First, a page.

Mariners' lead-footed Montero hits a triple
That's not a typo or a misprint.
The lumbering Mariners catcher, who often evokes comparisons to tortoises and snails because of his time-consuming gait, is one of the least likely candidates to hit a triple. He has yet to hit one in his brief big league career.
But in Saturday's "B" game against the San Diego Padres, it happened. Montero hit a ball, started running and didn't stop until he reached third base.
Montero lashed a ball off the wall deep in right center. Padres center fielder Rico Noel and right fielder Yeison Asencio both tried to make leaping grabs of the fly ball. Neither came up with it, and the ball bounced off the wall back toward the infield. By the time the Padres could get the ball back into the infield, Montero was at third.
Montero saw it all happen in front of him and didn't think of stopping at second base.
"I was thinking three all the time," he said. "I was having fun running the bases. I haven't hit a triple for three or four years. Everyone was laughing."
Officially, he has hit six triples in his minor league career with the Yankees, his last coming in 2011 at Class AAA.
"It had to happen like it happened today," Montero said. "It had to hit the wall, or someone fall down, so I could get a triple. I never stopped running when I saw the ball drop into the middle of center field. Just run and see what happens."
What happened was Montero didn't look like he was running on ice as chugged to third. While he will not be confused with Usain Bolt in terms of speed or technique, the work Montero's done in the offseason has made his running form look somewhat athletic.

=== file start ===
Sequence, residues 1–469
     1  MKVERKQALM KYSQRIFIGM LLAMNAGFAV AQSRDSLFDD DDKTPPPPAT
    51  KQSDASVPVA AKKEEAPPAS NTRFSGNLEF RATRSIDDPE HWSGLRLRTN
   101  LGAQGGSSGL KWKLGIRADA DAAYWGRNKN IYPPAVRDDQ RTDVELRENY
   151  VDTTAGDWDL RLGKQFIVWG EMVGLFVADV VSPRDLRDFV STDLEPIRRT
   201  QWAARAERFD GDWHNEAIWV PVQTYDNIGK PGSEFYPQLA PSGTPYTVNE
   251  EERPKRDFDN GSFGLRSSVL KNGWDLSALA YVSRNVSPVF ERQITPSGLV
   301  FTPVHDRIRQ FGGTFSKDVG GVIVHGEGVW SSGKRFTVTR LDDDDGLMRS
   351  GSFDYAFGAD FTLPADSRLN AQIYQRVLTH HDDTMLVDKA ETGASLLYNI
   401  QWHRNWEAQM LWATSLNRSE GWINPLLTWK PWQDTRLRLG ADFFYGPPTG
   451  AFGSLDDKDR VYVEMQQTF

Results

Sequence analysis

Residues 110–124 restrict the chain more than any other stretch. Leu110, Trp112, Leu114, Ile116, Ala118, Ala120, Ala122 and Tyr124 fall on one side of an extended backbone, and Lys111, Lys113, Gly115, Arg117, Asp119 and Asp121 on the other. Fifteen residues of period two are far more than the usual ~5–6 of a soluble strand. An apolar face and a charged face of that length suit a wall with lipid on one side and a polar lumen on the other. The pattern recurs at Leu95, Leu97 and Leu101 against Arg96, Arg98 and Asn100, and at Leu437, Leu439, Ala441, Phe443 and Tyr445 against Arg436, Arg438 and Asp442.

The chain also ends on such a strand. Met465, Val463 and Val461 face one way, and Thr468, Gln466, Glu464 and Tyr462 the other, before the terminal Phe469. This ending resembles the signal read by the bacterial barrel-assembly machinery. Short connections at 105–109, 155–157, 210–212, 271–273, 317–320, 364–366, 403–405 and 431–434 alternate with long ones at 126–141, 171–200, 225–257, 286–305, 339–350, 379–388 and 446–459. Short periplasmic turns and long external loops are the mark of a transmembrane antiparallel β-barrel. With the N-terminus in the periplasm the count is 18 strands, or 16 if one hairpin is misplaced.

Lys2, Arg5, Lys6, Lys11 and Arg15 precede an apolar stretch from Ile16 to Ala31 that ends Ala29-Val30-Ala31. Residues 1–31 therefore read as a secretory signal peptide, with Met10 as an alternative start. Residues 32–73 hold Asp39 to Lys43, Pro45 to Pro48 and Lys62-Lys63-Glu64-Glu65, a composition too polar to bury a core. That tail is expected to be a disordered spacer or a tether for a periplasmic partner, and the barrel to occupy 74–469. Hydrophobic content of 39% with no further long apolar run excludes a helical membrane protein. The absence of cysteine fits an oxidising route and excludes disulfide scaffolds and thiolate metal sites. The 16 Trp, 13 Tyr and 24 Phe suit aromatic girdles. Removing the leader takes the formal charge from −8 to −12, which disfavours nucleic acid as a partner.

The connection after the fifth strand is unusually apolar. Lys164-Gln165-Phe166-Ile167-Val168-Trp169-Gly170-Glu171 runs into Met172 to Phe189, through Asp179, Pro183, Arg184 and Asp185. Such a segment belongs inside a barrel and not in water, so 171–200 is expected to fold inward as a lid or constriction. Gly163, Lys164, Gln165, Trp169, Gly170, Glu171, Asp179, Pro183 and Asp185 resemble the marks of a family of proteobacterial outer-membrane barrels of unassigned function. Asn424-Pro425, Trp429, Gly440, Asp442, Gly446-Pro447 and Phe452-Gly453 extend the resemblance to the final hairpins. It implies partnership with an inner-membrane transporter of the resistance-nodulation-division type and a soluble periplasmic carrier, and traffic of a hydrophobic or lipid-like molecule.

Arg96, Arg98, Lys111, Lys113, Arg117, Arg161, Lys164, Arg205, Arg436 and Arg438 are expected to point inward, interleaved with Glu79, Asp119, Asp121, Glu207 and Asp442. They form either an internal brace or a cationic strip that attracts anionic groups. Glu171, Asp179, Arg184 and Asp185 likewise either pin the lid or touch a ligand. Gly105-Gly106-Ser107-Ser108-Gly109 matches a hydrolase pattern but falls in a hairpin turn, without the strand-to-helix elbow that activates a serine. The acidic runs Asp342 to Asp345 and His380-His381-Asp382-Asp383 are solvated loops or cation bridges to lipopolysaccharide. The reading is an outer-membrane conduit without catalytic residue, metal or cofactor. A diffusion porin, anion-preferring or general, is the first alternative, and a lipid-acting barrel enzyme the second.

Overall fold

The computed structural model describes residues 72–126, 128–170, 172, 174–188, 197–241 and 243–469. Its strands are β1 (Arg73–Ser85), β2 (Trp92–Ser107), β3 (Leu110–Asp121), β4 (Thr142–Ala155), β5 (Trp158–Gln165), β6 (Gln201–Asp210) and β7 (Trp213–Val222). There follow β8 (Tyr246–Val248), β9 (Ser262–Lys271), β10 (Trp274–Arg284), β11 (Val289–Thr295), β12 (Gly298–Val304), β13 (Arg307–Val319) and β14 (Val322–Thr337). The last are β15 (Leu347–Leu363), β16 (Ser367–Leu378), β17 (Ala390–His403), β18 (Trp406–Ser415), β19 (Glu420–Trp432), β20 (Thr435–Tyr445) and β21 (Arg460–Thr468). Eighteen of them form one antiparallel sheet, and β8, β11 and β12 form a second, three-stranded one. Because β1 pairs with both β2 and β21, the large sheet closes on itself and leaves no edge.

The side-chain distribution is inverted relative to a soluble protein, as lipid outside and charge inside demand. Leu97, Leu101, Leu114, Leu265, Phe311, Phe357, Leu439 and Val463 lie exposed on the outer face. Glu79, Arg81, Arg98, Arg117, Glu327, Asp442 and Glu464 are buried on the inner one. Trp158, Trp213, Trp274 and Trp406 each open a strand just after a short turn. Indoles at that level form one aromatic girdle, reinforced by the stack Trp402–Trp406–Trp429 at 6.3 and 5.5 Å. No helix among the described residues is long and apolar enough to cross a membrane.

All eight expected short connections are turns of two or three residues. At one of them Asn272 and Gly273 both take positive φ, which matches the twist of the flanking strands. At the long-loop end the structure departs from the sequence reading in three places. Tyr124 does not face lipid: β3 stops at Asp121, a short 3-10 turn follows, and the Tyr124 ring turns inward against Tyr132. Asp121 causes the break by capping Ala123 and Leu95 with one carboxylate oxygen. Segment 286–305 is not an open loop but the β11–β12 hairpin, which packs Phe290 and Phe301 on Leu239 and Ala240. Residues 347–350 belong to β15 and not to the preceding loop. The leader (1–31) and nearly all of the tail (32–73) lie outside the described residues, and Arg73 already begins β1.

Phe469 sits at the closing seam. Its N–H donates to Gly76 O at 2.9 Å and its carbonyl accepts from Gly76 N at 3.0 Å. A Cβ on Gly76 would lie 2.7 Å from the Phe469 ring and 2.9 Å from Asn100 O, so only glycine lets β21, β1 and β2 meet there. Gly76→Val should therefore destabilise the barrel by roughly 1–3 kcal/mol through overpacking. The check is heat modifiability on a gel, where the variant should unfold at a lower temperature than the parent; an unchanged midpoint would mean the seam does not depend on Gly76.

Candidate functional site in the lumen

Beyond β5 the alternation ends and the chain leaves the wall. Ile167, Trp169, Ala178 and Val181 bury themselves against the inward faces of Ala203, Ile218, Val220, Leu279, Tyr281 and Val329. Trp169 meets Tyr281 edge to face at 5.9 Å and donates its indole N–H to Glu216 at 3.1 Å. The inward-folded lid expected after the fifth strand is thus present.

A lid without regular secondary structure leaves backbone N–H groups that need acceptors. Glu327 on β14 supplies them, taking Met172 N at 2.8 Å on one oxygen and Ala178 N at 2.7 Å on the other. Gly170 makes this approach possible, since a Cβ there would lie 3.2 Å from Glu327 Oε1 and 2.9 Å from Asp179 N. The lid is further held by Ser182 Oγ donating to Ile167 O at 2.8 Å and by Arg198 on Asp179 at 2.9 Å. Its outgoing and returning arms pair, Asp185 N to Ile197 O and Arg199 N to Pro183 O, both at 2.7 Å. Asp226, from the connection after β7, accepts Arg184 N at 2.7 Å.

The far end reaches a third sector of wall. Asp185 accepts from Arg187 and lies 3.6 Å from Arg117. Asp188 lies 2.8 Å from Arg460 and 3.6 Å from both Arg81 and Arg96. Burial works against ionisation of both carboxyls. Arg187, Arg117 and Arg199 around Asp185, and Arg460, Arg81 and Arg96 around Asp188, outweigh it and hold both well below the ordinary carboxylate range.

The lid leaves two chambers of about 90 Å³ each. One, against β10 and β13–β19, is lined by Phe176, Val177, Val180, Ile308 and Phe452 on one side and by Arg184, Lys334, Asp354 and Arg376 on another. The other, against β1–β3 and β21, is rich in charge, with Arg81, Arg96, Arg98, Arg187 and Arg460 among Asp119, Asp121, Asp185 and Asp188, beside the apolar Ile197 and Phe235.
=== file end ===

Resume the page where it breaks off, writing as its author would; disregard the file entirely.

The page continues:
"I just want to get my knees a little higher, try to get quicker," he said. "I know, everyone knows, I'm slow, but I try hard to be a little faster."
Since this was a "B" game, it doesn't count toward the Cactus League stats, which are also meaningless.
And really there is a general disbelief that it actually happened.
But for the roughly 30 people in attendance -- consisting of scouts, family and media -- they witnessed something unlikely. Even Montero's knows it.
"I was really happy to hit the triple," he said. "It's like a dream for me."
Romero strains oblique
Stefen Romero couldn't hide the disappointment. On Thursday, the hard-hitting infield prospect was riding high. He'd hit two homers -- including a grand slam -- and drove in seven runs in a Cactus League win over the Royals. He'd received over 30 congratulatory text messages.
The next day, all of his spring training success came to an abrupt and painful halt.
Romero strained his oblique muscle while swinging and missing at a pitch in the dirt in his first at-bat.
"It was so surreal, going from being on cloud nine to the bottom," he said. "You have to take it day by day, Just focus on positive thoughts."
On Saturday, Romero began the long recovery and the wait before he can step on the field again.
"We are going to take it week by week," he said.
"We'll continue to see how he feels, but it's going to be a while," said Mariners' manager Eric Wedge. "It's tough for a young man to have to go through something like that, but we all have to do it. Like I told him, 'it's just a bump in the road.'"
Romero knows he can't force his way back onto the field. The injury needs time to heal or it will continue to be a problem.
"You don't want to rush these things because it's so vital, especially in a baseball player," Romero said. "You just produce so much torque when you are hitting, running, throwing. It's a muscle you use constantly. You don't want to rush too soon. If it happens again, you are back again at ground zero."
Casper Well was scratched from the "B" game with a sore neck. Wedge said Wells will start today against the White Sox. ... Jason Bay had a productive B game. The veteran outfielder hit a fastball from Robbie Erlin over the wall in right-center for a three-run homer. ... Joe Saunders started the B game and pitched 22/3 innings, allowing three runs (two earned) on four hits. He gave up an inside-the-park home run to Jonathan Galvez, when outfielders Eric Thames and Francisco Martinez briefly collided on a fly ball to left-center field.
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